Many gardeners around Armidale who grow tree dahlias (Dahlia imperialis, also known as giant dahlias), are anxiously watching the forecasts at this time of year, in the hope that the weather will allow their tree dahlias to flower.
Tree dahlias flower in late autumn / early winter, which translates to May in our region, which of course means that Jack Frost may well have visited and sent those gorgeous flowers to an early demise before you can get to enjoy them fully!
This year, with later frosts, many gardeners have been celebrating an abundance of fabulous lavender-coloured tree dahlia flowers.
Tree dahlias are herbaceous perennials which are different from common Dahlias as they grow very fast and much taller, to a height of 2 to 6 metres. The stems of the plant are up to 10cm (4in) in diameter and resemble bamboo canes. They provide great colour in late autumn when not a lot else is flowering.
The plants are usually pruned after flowering is finished in winter. The stems will be 2-3 metres or more tall and should be cut close to the ground but above the bulbous part that is the dahlia's tuber. It's a good idea to cover the tuber with a layer of mulch to protect it during winter.
The simplest way to propagate tree dahlias is to use the stems you cut down after flowering finished, cut into 50 cm lengths. The roots and shoots will develop from the nodes, so make sure there are at least two nodes per cutting.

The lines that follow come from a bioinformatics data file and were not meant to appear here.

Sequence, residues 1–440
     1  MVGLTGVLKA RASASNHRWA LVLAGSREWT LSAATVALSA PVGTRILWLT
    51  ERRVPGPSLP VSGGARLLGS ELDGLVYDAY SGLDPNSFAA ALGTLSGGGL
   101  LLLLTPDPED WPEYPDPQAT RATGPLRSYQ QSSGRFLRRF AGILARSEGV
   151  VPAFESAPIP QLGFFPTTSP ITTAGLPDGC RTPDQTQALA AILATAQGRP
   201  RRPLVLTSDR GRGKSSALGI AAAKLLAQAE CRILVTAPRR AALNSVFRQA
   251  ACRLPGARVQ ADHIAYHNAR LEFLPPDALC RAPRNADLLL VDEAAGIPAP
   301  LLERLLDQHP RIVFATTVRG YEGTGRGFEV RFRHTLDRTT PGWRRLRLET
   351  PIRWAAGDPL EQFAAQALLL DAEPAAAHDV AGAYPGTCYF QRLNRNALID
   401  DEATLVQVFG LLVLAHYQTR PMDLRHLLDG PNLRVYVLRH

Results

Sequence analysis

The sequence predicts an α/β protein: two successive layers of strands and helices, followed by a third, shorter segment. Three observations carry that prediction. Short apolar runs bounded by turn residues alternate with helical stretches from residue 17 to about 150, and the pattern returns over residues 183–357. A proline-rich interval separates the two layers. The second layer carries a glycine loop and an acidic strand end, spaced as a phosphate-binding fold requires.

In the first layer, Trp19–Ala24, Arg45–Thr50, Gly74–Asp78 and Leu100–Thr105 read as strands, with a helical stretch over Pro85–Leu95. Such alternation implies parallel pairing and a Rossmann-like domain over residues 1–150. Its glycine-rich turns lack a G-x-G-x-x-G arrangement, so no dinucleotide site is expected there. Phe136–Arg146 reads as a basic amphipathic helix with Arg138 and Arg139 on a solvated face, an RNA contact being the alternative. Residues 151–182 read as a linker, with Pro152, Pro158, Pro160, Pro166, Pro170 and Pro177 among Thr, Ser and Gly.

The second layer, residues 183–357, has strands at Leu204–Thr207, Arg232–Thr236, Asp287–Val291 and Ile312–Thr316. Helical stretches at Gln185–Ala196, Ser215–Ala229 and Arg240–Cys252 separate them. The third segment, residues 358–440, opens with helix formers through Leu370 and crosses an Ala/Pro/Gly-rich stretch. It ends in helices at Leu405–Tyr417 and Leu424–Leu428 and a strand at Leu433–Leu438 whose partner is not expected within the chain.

Dig a trench about 10 centimetres deep in a sunny spot protected from frost and wind. Lie the cuttings horizontally along the trench with 2 to 3 in each location to give a good stand of plants.
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As tree dahlias take up a lot of space, place groups of cuttings 80 cm or more apart to give them enough room to grow. Once its roots are well established, a tree dahlia tuber is fairly resistant to frost, though the flowers may still be damaged.
If frost occurs frequently in your garden, replenishing mulch on garden beds will help maintain some warmth in the soil to encourage plant roots to keep developing.
While the soil is still warm is also an ideal time to transplant or plant out evergreen trees and shrubs.
The Armidale Garden Club's next meeting is at 7pm on Thursday 26 May, at the Uniting Church Youth Club Hall, off Rusden St, behind the Uniting Church.
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